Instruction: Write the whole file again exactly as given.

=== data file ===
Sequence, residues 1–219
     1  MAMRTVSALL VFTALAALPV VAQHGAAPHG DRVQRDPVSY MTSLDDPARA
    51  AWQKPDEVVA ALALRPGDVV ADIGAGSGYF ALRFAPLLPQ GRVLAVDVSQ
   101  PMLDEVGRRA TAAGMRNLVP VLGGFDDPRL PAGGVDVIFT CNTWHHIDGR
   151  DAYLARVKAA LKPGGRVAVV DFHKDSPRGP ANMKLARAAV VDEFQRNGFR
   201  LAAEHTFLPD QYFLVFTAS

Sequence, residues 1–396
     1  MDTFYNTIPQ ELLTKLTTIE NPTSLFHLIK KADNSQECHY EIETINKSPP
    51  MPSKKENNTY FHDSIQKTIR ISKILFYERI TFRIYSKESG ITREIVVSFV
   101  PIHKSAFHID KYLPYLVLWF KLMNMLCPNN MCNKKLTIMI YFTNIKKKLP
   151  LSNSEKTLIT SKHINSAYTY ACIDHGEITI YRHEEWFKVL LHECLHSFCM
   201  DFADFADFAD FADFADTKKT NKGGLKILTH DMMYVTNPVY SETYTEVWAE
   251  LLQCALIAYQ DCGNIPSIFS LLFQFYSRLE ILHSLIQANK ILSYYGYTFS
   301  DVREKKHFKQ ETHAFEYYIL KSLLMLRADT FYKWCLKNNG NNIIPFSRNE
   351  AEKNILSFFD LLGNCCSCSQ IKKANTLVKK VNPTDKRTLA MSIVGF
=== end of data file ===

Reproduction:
Sequence, residues 1–219
     1  MAMRTVSALL VFTALAALPV VAQHGAAPHG DRVQRDPVSY MTSLDDPARA
    51  AWQKPDEVVA ALALRPGDVV ADIGAGSGYF ALRFAPLLPQ GRVLAVDVSQ
   101  PMLDEVGRRA TAAGMRNLVP VLGGFDDPRL PAGGVDVIFT CNTWHHIDGR
   151  DAYLARVKAA LKPGGRVAVV DFHKDSPRGP ANMKLARAAV VDEFQRNGFR
   201  LAAEHTFLPD QYFLVFTAS

Sequence, residues 1–396
     1  MDTFYNTIPQ ELLTKLTTIE NPTSLFHLIK KADNSQECHY EIETINKSPP
    51  MPSKKENNTY FHDSIQKTIR ISKILFYERI TFRIYSKESG ITREIVVSFV
   101  PIHKSAFHID KYLPYLVLWF KLMNMLCPNN MCNKKLTIMI YFTNIKKKLP
   151  LSNSEKTLIT SKHINSAYTY ACIDHGEITI YRHEEWFKVL LHECLHSFCM
   201  DFADFADFAD FADFADTKKT NKGGLKILTH DMMYVTNPVY SETYTEVWAE
   251  LLQCALIAYQ DCGNIPSIFS LLFQFYSRLE ILHSLIQANK ILSYYGYTFS
   301  DVREKKHFKQ ETHAFEYYIL KSLLMLRADT FYKWCLKNNG NNIIPFSRNE
   351  AEKNILSFFD LLGNCCSCSQ IKKANTLVKK VNPTDKRTLA MSIVGF